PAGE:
The capitalists could do nothing, with their economic power, to prevent expropriation. The fear that they could keep the working class out of the factories etc. is completely unfounded. How could they? Remember that the working class outnumbers them 10 or 20 to one. Also remember that the military and police (all working class, and mostly socialist) will be responsible to the political power of the working class.

  • Separates "community" from "workers".

    The workplace based model, developed about a hundred years ago, was designed to administer production. It took over half a century, but SIU supporters finally recognized that a purely workplace based administration does not explicitly include anything outside of the workplace. This has led some to suggest including a community side to the administration.

    This explicitly two-pronged approach creates an administrative split in society that needn't, and shouldn't exist. Of course those in the workplace know how to do their job better than the average person in the street, and the WSM is not suggesting that people shouldn't be allowed to do their jobs as they see fit. What the WSM does say, is that the administrative split only exists when you take the SIU route.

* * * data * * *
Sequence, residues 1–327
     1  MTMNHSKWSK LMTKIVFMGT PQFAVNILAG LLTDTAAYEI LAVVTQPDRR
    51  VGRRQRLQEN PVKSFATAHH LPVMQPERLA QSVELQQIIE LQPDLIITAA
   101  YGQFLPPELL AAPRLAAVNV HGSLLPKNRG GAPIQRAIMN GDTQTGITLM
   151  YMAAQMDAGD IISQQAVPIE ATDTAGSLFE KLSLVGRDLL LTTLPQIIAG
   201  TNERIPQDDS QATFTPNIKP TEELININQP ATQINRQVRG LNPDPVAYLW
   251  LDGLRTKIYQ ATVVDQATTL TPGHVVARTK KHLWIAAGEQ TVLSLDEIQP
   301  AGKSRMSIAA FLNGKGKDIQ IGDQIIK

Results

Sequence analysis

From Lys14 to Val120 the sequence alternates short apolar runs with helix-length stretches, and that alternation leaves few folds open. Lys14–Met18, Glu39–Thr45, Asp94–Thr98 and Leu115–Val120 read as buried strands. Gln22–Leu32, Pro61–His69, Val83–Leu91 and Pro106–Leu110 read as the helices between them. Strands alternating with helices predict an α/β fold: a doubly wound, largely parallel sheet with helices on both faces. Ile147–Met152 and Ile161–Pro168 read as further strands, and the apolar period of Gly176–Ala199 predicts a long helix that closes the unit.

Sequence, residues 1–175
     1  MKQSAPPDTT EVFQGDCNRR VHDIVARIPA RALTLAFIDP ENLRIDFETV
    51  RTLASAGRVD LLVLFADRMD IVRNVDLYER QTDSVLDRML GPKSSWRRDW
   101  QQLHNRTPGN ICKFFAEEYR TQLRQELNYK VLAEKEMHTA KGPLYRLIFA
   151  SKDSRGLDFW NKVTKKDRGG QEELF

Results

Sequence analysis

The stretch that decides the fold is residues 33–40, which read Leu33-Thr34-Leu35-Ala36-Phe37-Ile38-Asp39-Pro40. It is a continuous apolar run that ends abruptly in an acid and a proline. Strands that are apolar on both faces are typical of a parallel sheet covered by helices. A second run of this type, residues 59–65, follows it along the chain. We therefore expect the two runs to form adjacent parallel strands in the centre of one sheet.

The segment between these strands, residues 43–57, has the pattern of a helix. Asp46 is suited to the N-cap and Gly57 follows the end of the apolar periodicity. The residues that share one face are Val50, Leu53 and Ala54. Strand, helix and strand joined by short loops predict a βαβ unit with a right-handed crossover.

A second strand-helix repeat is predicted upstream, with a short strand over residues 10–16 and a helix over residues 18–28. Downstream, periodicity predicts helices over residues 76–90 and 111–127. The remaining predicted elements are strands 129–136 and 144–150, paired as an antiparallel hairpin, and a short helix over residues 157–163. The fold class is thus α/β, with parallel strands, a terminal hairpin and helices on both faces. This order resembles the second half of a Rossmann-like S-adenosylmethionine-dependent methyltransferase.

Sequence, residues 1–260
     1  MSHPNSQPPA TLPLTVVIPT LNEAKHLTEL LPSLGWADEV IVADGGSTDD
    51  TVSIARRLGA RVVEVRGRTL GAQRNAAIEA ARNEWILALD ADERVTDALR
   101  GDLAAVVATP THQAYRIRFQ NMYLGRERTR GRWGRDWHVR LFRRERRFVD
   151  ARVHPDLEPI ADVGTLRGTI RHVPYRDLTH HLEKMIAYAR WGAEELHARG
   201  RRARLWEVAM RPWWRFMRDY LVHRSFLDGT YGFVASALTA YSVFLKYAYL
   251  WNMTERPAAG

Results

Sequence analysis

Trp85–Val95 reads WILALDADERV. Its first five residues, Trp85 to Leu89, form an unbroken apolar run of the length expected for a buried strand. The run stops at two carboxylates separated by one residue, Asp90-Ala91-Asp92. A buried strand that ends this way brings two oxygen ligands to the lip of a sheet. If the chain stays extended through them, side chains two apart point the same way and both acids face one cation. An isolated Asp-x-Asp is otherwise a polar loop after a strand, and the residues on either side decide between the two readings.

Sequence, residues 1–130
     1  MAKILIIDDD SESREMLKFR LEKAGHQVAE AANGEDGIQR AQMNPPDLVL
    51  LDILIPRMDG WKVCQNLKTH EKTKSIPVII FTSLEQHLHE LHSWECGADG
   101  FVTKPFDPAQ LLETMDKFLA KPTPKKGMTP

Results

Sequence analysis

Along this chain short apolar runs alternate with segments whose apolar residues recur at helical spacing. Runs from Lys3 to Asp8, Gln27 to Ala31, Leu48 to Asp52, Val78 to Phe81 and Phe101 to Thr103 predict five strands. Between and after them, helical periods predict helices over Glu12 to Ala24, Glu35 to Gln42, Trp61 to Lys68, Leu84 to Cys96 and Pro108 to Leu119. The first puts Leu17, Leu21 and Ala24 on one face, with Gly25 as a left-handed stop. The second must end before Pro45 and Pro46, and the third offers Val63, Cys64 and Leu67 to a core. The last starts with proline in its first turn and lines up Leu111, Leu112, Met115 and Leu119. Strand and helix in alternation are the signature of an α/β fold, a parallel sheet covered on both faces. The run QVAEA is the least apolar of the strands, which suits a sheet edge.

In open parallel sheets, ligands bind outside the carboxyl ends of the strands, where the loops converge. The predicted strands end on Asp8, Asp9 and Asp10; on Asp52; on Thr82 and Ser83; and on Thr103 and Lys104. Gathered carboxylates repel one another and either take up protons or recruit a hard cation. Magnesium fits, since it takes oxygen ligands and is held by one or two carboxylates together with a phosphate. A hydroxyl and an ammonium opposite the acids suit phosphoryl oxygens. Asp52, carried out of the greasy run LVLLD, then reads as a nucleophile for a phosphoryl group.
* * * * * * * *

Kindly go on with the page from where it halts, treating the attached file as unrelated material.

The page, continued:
Taking the WSM approach that production is a social activity, a part of society as a whole, and not something to be given to workers, by industry, as their own, then the problem does not exist. The SIU model would generate a "workers" versus the "community" antagonism that is ridiculous and unnecessary.

  • SIUs cannot serve as proper unions under capitalism.

    A major concept of unionism is "strength in numbers". Under capitalism, for a union to have enough power to effectively represent its members it needs to comprise all or at least a large majority of the workers in a business/worksite/industry. If it does not, it has little or no clout in dealing with the employer. SIUs exclude non-"socialist" workers—the vast majority of workers today—leaving the SIU powerless to protect its members against their employer. We recognize that a small SIU together with a big non-"socialist" union has fighting power, but it is not the SIU which gives the combination the power: it is the big non-"socialist" union.